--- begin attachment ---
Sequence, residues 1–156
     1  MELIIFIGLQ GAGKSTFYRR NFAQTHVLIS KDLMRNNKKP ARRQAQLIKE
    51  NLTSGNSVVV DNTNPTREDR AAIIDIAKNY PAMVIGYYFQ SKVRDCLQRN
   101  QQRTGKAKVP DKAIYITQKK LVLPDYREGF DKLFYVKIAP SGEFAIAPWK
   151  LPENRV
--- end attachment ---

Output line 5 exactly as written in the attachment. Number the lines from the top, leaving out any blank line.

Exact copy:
   151  LPENRV